Year of the Priest Letter
Pope Benedict XVI today released a letter to priests, in proclamation of the Church’s Year of the Priest, which commences tomorrow.
The letter draws deeply on the priestly example of St. John Mary Vianney, France’s famous 19th-century “Curé of Ars.”
From the Pope’s letter:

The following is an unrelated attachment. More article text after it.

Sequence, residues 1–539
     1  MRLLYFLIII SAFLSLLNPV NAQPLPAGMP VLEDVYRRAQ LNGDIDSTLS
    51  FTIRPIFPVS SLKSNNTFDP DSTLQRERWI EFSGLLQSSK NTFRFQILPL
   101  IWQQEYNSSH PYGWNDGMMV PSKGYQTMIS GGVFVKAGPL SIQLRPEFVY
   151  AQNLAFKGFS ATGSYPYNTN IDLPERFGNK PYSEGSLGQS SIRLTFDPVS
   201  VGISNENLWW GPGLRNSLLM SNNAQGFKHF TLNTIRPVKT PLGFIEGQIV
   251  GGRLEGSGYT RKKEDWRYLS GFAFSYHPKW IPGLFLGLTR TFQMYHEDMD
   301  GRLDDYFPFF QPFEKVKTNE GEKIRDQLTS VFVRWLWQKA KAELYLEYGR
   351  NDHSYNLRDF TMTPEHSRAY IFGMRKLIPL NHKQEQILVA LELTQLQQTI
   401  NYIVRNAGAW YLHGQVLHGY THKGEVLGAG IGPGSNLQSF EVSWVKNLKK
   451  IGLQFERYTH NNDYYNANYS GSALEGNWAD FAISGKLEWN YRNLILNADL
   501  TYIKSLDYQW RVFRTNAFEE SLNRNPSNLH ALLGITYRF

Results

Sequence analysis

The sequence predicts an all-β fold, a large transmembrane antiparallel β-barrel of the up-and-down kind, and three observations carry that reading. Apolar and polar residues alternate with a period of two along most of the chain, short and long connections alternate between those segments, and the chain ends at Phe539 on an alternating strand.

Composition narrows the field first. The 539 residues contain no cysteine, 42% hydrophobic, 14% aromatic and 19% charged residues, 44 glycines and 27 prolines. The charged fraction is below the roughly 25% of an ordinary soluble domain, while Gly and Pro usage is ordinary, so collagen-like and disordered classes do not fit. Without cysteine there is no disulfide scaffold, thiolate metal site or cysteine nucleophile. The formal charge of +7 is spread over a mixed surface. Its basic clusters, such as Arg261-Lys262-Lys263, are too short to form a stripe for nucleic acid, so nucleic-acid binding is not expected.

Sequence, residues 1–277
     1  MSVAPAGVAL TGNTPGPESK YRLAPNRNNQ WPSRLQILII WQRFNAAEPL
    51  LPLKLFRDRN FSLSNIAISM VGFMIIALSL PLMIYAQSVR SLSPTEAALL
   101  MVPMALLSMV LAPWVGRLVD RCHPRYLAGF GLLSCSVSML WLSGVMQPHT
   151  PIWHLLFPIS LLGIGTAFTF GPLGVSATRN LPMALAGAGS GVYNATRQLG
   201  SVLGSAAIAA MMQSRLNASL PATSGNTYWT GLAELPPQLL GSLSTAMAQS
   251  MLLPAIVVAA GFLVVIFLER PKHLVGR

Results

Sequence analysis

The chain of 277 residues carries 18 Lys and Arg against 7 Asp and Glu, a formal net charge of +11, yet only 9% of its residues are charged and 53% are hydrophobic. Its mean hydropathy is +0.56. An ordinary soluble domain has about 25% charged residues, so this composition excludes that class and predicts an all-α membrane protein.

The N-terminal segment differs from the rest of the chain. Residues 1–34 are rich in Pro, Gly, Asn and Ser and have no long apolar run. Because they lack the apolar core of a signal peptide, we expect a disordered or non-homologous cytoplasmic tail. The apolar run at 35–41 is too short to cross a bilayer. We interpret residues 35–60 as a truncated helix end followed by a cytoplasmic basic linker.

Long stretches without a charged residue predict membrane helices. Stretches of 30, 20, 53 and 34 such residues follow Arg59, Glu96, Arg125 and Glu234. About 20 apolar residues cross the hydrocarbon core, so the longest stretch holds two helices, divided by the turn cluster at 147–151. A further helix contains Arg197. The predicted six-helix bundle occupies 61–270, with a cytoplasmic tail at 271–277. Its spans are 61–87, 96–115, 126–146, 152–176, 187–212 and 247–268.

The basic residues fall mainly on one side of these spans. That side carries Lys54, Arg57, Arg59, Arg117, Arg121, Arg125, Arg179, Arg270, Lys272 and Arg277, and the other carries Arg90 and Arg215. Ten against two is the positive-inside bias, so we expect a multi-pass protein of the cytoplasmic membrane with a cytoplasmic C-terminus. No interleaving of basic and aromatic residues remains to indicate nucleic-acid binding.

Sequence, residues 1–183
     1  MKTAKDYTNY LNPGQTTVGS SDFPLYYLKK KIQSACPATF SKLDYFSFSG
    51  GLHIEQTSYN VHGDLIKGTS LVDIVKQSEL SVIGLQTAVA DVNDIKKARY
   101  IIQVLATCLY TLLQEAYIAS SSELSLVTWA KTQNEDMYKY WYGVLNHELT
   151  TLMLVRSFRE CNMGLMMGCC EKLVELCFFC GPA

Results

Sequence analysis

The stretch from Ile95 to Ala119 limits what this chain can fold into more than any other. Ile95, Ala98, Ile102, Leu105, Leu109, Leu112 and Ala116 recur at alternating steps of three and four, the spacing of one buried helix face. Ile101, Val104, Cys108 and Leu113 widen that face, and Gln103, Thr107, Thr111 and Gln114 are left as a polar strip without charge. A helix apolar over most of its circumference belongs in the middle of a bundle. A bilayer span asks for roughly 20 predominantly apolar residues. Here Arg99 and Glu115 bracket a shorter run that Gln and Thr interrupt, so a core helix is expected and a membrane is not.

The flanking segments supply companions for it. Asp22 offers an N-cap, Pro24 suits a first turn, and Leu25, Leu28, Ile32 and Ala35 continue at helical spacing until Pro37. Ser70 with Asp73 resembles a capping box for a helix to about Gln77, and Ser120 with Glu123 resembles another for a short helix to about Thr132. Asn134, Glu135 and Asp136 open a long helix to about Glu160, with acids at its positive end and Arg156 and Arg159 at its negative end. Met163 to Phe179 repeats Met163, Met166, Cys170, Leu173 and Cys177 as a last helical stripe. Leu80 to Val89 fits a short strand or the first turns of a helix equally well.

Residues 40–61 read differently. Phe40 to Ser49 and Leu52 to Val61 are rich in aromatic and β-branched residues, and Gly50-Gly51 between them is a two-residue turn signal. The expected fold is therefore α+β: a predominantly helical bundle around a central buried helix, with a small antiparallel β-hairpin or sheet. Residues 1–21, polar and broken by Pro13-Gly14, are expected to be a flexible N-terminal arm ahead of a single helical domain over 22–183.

There are also, sad to say, situations which can never be sufficiently deplored where the Church herself suffers as a consequence of infidelity on the part of some of her ministers. Then it is the world which finds grounds for scandal and rejection. What is most helpful to the Church in such cases is not only a frank and complete acknowledgment of the weaknesses of her ministers, but also a joyful and renewed realization of the greatness of God’s gift, embodied in the splendid example of generous pastors, religious afire with love for God and for souls, and insightful, patient spiritual guides. Here the teaching and example of St. John Mary Vianney can serve as a significant point of reference for us all. The Curé of Ars was quite humble, yet ,as a priest, he was conscious of being an immense gift to his people: “A good shepherd, a pastor after God’s heart, is the greatest treasure which the good Lord can grant to a parish, and one of the most precious gifts of divine mercy”.3 He spoke of the priesthood as if incapable of fathoming the grandeur of the gift and task entrusted to a human creature: “O, how great is the priest! … If he realized what he is, he would die … God obeys him: He utters a few words, and the Lord descends from heaven at his voice, to be contained within a small host …”.4 Explaining to his parishioners the importance of the sacraments, he would say: “Without the sacrament of holy orders, we would not have the Lord. Who put him there in that tabernacle? The priest. Who welcomed your soul at the beginning of your life? The priest. Who feeds your soul and gives it strength for its journey? The priest. Who will prepare it to appear before God, bathing it one last time in the blood of Jesus Christ? The priest, always the priest. And if this soul should happen to die [as a result of sin], who will raise it up, who will restore its calm and peace? Again, the priest … After God, the priest is everything! … Only in heaven will he fully realize what he is”.5 These words, welling up from the priestly heart of the holy pastor, might sound excessive. Yet they reveal the high esteem in which he held the sacrament of the priesthood. He seemed overwhelmed by a boundless sense of responsibility: “Were we to fully realize what a priest is on earth, we would die: not of fright, but of love … Without the priest, the passion and death of Our Lord would be of no avail. It is the priest who continues the work of redemption on earth … What use would be a house filled with gold, were there no one to open its door? The priest holds the key to the treasures of heaven: It is he who opens the door: He is the steward of the good Lord, the administrator of his goods … Leave a parish for 20 years without a priest, and they will end by worshipping the beasts there … The priest is not a priest for himself; he is a priest for you”